Science, these days, is at the center of public debate and in the media. Right at the beginning of the pandemic, the news reported results of studies on the new disease in the form of preprints, and explained – studies that had not yet been validated by experts – and thus, the theme “science evaluation” became public and no longer restricted to academia. It was common to hear people commenting, about an article reporting the results of a study, whether the number of samples was sufficient for the study to be considered reliable or not, and once again, the theme “research reliability”, previously restricted to specialists, was discussed among lay people.

We are, perhaps without realizing it, following what Open Science establishes, by extending the scientific debate to the whole society, beyond the academic environment.

It can be said that the “popularization of science”, among countless initiatives by researchers, institutions, media and funding agencies dedicated to this purpose, was motivated by the open access movement, which allowed everyone to read scientific articles , found by searching the Web for a diagnosis received, or any other question about health, technology, philosophy, or history. The knowledge produced by scientific research is for public knowledge, not just for academia or specialists.

In line with the 2017 UNESCO Science Recommendation, in this particular aspect, the objective of the Pan American Health Organization, through BIREME, is to improve the quality and increase the quantity of reports resulting from scientific research and clinical observation.

This basic course on scholarly communication is the first step we are taking in this direction, to enable health professionals, researchers, undergraduate and graduate students in health science careers to correctly write scientific articles, following the normative systems, observe authorship criteria and ethical standards, and increase the probability of having these articles accepted for publication in journals.

We intend to soon launch an advanced course, focusing on the steps that occur after manuscript submission: peer review, publishing and indexing, science assessment, availability of research data in repositories and other relevant topics.


[1] Coordinator of Scholarly Communication in Health at BIREME/PAHO/WHO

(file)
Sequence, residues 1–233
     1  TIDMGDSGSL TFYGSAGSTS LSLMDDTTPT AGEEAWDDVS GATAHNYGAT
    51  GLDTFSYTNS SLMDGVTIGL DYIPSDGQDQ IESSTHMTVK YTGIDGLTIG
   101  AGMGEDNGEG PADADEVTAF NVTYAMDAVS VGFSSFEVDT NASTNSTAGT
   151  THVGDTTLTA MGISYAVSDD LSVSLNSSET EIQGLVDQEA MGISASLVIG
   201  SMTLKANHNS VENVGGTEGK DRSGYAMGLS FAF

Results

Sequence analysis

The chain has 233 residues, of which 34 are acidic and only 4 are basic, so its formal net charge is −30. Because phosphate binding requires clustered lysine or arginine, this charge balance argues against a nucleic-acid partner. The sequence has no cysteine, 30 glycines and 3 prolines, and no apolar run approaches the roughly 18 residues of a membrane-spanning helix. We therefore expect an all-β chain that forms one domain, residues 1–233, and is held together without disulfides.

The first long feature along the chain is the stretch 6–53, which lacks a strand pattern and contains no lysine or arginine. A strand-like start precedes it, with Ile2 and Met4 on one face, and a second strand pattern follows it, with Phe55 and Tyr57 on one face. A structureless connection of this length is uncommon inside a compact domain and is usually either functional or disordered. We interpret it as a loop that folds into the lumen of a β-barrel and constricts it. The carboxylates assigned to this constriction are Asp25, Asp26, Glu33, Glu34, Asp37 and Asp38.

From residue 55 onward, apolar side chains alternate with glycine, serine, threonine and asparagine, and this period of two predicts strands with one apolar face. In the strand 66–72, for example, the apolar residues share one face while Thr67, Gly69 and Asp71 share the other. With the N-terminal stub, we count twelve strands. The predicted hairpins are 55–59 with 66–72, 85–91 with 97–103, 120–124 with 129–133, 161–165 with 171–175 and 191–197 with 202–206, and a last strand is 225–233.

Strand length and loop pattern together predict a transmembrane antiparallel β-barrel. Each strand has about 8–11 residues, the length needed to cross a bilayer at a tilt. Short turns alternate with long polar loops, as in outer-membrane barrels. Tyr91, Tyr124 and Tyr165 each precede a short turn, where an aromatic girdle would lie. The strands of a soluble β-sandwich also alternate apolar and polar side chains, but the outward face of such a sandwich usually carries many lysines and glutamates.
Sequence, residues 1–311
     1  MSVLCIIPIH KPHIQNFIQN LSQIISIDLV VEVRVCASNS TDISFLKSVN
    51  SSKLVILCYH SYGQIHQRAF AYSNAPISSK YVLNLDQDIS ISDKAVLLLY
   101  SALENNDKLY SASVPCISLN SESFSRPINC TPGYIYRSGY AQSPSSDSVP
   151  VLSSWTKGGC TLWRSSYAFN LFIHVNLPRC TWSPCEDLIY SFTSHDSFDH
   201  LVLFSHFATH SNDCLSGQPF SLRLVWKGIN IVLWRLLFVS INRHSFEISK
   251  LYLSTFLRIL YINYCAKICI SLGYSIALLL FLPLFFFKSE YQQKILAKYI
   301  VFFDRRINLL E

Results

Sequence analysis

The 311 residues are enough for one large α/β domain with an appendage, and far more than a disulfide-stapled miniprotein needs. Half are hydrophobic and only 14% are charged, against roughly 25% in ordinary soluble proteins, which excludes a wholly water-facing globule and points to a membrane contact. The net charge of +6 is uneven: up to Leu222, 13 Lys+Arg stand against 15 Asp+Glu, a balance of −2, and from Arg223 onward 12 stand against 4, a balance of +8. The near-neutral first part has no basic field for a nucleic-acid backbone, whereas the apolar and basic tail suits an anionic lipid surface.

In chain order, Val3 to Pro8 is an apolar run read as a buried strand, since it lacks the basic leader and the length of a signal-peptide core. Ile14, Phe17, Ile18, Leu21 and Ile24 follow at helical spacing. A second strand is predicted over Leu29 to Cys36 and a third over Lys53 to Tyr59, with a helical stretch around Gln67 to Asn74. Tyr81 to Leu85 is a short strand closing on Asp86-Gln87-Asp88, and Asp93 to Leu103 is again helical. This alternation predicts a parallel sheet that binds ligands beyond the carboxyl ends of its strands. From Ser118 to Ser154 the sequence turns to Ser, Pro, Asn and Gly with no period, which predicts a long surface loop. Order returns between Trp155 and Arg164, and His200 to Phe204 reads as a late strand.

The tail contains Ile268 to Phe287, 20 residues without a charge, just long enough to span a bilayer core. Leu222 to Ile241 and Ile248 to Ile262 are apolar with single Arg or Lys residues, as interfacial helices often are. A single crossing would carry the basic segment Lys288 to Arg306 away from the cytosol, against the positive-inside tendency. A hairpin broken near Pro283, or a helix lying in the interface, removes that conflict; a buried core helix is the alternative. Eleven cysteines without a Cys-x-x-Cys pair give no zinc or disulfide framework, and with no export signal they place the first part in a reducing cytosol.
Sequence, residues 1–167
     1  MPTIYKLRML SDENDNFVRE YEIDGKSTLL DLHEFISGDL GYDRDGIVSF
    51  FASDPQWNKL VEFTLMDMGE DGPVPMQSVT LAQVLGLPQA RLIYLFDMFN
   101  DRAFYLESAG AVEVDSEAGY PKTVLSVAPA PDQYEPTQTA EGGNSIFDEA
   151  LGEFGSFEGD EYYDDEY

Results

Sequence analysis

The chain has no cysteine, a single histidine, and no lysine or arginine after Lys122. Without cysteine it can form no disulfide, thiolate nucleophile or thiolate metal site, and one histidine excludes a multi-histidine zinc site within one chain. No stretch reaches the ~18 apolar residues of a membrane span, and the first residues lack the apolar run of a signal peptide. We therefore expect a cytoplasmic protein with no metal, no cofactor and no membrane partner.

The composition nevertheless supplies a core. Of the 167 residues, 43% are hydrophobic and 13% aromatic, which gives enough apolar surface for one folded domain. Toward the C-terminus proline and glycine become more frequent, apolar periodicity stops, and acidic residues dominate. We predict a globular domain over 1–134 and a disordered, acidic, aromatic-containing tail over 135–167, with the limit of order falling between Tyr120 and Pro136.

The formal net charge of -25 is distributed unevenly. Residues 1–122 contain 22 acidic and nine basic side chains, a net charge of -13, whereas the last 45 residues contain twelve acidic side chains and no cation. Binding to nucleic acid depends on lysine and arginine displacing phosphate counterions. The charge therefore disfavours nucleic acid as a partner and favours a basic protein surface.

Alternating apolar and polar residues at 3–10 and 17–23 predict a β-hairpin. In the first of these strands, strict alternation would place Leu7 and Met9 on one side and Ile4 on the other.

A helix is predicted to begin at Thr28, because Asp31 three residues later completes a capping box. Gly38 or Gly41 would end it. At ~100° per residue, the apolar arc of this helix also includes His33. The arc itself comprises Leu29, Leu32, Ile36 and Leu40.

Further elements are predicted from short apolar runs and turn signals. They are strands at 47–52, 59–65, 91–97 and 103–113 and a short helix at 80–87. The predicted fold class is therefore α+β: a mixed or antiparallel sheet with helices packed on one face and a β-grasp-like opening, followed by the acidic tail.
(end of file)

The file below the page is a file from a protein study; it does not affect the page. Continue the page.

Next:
[1] The Right to Enjoy the Benefits of Scientific Progress and its Applications. Conference: Experts’ Meeting on the Right to Enjoy the Benefits of Scientific Progress and its Applications, 3rd, Venice, Italy, 2009. Available from:

[2] Inter-American Commission on Human Rigts. Organization of American States. American Declaration of the Rigths and Duties of Man. (Adopted by the Ninth International Conference of American States, Bogotá, Colombia, 1948). Available from:

[3] UNESCO. Recommendation on Science and Scientific Researchers. Revised Recommendation 2017. Available from:

[4] UNESCO. Workshop on Human Right to Science: Latin American perspectives. 2019. Available from:

[5] United Nations. Sustainable Development Goals. The Sustainable Development Agenda. Available from:

[6] UNESCO Recommendation on Open Science. Available from:

[7] Campus Virtual de Saúde Pública. Curso Introdutório de Comunicação Científica em Ciências da Saúde – 2021. Available from:

[8] Campus Virtual de Salud Pública. Introducción a la Comunicación Científica en Ciencias de la Salud – 2019. Available from:


About the course

The general objective of the course is to train participants in the main concepts that rule scholarly communication, and specifically:

Target Audience: The course is aimed at healthcare professionals and technicians, researchers, scientific editors, undergraduate and graduate students of healthcare careers, and other interested parties.

Duration: The course is based on self-learning and has no tutoring. Participants can learn at their own pace by reviewing concepts and themes, consulting supplementary material and assessments included in all Modules. The estimated total workload for the effective development of the entire course is approximately 20 hours. At the end of the course, those who pass 70% of the test exercises will receive a certificate. You can redo the exercises as many times as necessary to obtain approval.

To learn more and register for the course, which is completely free, please visit For the Spanish version,